Timely Tips — October 2013
Plant: Daffodils, narcissus and jonquils soon after you buy them. Small- and early-flowering types have the best chance of repeating year after year. Tulips and hyacinths must be refrigerated at least 45 days at 45 degrees prior to planting. (Plant no earlier than mid-December.) Dig and divide established clumps of spring- and summer-flowering perennials early in month. Pansies once temperatures are in the low 80s during the daytimes. Include pinks, snapdragons, flowering cabbage and flowering kale as well. They can be planted anytime this month. Woody shrubs, trees and other landscape plants. Watch for sales in your favorite nurseries; they reduce inventory before winter.
Prune: Keep mowing turf at recommended heights right up to first freeze. Remove dead leaves, flower stalks and seed heads from perennial plantings. Remove dead and damaged limbs from trees while you can distinguish them from healthy growth. However, if you’re concerned about drought damage, you’re always safe to leave the plant until spring, to see what releafs. Prune tropical plants to reshape them before you bring them indoors for the winter.
Fertilize: Get pansies, other annuals off to quick start with water-soluble, high-nitrogen food every few days after planting. Cut back on fertilizer applied to plants you’ll be bringing indoors for the winter. Last feeding of bermuda, St. Augustine lawns, trees, shrubs and groundcovers should be made very early in month. This “winterizer” fertilizer should be with the same material you’ve used the rest of the growing season.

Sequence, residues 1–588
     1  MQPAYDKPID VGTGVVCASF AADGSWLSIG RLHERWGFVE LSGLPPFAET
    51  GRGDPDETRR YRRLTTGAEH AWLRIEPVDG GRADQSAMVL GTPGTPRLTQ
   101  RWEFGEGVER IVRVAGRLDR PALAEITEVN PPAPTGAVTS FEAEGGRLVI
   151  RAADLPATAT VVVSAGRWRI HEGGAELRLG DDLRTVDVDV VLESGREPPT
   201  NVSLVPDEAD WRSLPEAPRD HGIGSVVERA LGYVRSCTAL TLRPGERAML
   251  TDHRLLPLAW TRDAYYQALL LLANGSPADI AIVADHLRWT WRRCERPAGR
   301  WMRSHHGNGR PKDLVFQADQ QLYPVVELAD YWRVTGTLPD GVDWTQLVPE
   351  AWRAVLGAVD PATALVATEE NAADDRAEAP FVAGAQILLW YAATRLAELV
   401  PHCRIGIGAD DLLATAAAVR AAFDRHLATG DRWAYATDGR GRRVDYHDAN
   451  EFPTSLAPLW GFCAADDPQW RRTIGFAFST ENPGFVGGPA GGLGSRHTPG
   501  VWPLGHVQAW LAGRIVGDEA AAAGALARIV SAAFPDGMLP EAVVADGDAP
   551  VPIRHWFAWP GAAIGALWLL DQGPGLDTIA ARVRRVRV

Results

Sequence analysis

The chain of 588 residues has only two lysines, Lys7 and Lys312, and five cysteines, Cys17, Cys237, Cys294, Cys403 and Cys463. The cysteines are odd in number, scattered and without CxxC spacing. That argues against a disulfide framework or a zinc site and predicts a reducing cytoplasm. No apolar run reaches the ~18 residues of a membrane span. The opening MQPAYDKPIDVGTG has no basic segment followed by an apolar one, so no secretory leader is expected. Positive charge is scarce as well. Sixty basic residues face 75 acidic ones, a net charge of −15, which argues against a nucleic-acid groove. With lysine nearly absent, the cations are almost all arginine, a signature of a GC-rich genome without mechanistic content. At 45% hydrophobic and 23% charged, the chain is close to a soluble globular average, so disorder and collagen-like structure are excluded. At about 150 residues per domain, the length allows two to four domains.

On The Lookout: Watch turf for fall problems. St. Augustine will probably develop brown patch (dead leaves pull loose easily from runners), especially if fall rains come. Control with turf fungicide, and cease evening waterings, since they spread the fungus. If you have dead areas in your St. Augustine (runners are dead as well as the leaf blades), odds are very good that they are either leftover drought damage or the results of a late summer infestation of chinch bugs. This was a rough summer for them. Watch patio plants for insect, mite and disease problems. Treat as needed before bringing plants indoors. Apply glyphosate-type weedkiller early this month to eliminate established grass and weeds prior to rototilling for new garden beds.